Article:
How to Foster Great Customer Engagement: A Lesson from TD Bank
This brief interlude from blogging metrics and content marketing strategy was inspired by a surprisingly thoughtful and courteous employee at TD Bank.
For the last few weeks I’ve been writing about the challenges of measuring a particular form of customer engagement — audience engagement generated by a company’s corporate blog. This week I want to shift gears from measuring customer engagement to a lesson in generating and fostering it.
A month ago, my girlfriend and I got married. Initially (and very briefly), we had planned on having a traditional wedding, but after realizing the amount of time and money that would go into it, we decided the better decision (for us) would be to elope. So we both asked for a day off of work, and on a Friday morning in August we went to Cambridge City Hall and walked out 20 minutes later husband and wife.
It was beautiful weather, not a cloud in the sky, and we hopped in a rental car and drove to Maine for a great weekend free of all the stress that would have accompanied a big wedding. It was perfect. But we knew we had to enjoy and make the most of it, because despite our best efforts, we weren’t off the hook entirely. Our families would understand about not having a ceremony, but there was no way they were going to let us get away with not having some kind of celebration.
Wondering what this has to do with fostering great customer engagement? We’re getting there…
Even though we bypassed planning a wedding, we still had to plan a party. And what started out as a simple cookout in concept eventually turned into what would essentially be a reception, complete with place cards, catering, and tent rental. So much for saving time and money. Nicole and I realized we were going to be cutting a lot of checks, and that caused us to navigate one of marriage’s first great challenges: deciding whether or not to open a joint checking account. We decided to go for it, and quickly determined we’d go with her bank over mine.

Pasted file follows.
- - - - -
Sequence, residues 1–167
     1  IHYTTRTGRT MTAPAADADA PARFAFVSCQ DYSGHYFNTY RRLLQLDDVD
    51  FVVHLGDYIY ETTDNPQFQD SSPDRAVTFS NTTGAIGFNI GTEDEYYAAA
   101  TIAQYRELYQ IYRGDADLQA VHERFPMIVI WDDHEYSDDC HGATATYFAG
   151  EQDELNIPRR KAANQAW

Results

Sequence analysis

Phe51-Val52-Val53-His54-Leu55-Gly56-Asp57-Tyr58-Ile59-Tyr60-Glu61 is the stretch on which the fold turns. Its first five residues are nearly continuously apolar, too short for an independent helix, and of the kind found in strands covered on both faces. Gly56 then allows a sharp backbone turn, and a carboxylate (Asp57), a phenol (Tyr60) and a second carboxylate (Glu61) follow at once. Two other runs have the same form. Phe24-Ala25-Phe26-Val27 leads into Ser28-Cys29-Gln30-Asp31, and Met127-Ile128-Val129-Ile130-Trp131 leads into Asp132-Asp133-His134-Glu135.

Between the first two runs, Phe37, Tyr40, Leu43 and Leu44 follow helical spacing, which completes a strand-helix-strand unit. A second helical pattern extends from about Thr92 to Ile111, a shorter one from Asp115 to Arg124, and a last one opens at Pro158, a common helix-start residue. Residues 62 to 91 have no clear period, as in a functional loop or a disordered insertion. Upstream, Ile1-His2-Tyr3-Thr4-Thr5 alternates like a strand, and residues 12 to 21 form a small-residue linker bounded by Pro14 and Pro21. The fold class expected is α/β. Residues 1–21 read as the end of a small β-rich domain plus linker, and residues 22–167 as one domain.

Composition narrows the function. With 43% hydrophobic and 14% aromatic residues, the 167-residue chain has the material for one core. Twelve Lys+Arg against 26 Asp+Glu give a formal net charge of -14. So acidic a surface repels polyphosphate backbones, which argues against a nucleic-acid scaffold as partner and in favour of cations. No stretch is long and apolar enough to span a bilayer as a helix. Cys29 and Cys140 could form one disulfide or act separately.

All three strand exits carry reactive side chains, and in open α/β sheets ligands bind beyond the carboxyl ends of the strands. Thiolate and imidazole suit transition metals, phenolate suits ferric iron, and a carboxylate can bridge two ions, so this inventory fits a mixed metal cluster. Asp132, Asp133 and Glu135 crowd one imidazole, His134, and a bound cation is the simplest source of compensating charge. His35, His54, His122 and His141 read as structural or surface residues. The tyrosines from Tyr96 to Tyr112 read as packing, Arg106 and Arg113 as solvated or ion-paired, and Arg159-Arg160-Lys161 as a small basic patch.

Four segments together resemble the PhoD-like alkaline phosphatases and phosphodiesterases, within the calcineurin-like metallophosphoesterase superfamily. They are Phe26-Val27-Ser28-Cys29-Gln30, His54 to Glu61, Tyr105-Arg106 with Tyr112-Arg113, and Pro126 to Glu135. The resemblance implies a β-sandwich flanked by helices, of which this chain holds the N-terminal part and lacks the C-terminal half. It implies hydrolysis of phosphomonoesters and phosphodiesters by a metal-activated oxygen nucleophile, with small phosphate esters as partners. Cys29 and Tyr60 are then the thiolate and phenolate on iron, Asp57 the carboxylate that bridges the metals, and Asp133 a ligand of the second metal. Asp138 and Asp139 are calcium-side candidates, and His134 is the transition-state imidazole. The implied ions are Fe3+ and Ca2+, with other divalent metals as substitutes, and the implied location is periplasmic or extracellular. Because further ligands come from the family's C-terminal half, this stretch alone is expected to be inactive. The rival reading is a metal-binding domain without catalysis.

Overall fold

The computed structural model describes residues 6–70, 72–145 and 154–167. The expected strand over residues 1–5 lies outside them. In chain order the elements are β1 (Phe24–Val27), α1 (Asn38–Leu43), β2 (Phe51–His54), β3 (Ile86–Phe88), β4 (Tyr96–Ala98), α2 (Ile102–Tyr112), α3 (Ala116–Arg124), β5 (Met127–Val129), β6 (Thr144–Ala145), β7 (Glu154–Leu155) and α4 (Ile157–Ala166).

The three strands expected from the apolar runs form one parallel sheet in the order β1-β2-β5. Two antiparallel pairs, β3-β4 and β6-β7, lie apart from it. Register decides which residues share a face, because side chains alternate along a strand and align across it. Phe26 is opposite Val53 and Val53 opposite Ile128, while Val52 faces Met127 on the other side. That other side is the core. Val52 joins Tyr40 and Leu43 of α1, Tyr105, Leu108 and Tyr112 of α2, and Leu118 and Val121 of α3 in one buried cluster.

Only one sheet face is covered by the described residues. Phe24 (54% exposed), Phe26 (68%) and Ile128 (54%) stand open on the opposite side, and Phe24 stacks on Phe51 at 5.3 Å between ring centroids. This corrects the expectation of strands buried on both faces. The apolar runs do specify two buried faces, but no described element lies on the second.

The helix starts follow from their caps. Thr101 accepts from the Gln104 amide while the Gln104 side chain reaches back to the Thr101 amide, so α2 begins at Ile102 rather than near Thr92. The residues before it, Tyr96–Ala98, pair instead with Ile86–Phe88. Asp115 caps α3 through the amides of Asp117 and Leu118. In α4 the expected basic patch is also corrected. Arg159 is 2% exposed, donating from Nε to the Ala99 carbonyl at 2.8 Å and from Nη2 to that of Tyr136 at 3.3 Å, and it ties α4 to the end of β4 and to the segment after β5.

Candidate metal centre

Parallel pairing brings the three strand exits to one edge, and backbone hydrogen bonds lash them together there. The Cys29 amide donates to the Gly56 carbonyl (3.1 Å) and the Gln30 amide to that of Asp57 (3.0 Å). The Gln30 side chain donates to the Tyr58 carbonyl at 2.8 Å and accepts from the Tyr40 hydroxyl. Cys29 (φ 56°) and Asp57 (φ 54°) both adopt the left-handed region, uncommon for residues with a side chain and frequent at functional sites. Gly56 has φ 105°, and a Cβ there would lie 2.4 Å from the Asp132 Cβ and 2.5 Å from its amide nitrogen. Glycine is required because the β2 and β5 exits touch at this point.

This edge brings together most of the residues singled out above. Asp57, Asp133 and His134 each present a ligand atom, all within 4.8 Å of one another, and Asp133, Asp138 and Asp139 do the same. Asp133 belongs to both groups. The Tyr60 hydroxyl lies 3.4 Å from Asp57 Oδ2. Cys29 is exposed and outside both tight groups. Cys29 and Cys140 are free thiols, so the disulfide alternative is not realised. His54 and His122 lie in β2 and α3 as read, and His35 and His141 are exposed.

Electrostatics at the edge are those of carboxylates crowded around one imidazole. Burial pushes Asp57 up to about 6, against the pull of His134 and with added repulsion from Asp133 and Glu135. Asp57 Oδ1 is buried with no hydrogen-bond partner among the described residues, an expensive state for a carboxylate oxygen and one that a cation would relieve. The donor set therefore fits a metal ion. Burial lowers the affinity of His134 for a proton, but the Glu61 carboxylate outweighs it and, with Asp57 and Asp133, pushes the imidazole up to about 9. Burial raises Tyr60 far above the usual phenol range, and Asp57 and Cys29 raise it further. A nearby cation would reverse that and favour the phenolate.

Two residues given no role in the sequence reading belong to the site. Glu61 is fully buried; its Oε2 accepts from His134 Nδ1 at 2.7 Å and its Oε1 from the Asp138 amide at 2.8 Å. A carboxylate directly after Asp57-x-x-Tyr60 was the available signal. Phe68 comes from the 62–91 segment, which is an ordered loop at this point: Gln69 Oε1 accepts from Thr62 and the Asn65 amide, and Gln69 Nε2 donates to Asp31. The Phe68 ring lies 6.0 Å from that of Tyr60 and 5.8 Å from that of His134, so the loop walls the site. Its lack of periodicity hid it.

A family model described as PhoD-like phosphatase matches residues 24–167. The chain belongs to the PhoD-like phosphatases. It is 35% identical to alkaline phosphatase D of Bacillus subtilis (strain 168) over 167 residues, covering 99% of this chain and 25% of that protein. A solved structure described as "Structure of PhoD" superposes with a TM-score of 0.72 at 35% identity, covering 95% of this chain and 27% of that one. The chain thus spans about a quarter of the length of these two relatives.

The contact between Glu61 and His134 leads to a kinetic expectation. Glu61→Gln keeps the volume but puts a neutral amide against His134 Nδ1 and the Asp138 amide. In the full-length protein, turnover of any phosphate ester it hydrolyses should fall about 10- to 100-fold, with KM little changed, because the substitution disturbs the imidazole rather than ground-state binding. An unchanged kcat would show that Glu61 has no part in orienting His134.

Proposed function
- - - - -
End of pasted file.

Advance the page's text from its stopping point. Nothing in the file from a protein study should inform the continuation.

That’s how, on another sunny Saturday, we found ourselves sitting in a TD Bank, opening a joint checking account, depositing close to the minimum amount required to get started. As far as the bank was concerned, we should have been at the bottom of the customer priority totem pole. But the employee who set us up was helpful and polite, the whole process was incredibly simple and quick, and before long we were on our way. All in all, it was a routine and fairly unremarkable visit.
Then, a few days later, we received a card in the mail — a hand-written card — from the employee who helped us. In it she thanked us for our business, but she also congratulated us on our marriage and wished us the best with the upcoming party. I had honestly forgotten all about telling the employee what was going on, but here she had taken the time to follow up by sending us a thank-you card, even going to the trouble of personalizing it with an incredibly thoughtful hand-written message.
I was blown away. I mean, we had already chosen TD Bank. She didn’t need to win our business. We’d also signed up for the most basic checking account we could get. That kind of follow up is rare in any industry, and I’d never expected it from a bank.
I don’t know if the note was a singular above-and-beyond gesture by one employee, or simply standard protocol, but either way, it was a low-cost initiative that made a big impact on me and the way I view the company.
The Morale of the Story
In all our scrambling to be at the forefront of marketing innovation, to be the first to get our heads around the hottest trends, clever new tricks, the latest platform or tactics, it can be easy to lose sight of the fact that, even in this new era, connecting with customers doesn’t necessarily have to be cutting edge or complicated. Sometimes it’s the simplest measures that are the most effective.
I’m not sure whether TD Bank has a great presence on Facebook or Twitter. I don’t know whether they have a content marketing strategy or whether there are any other creative or innovative measures they’ve taken to engage target prospects and foster customer engagement. What I do know is at least one employee there knows who to rock it with a good thank you card. And that’s something that certainly did not go unnoticed.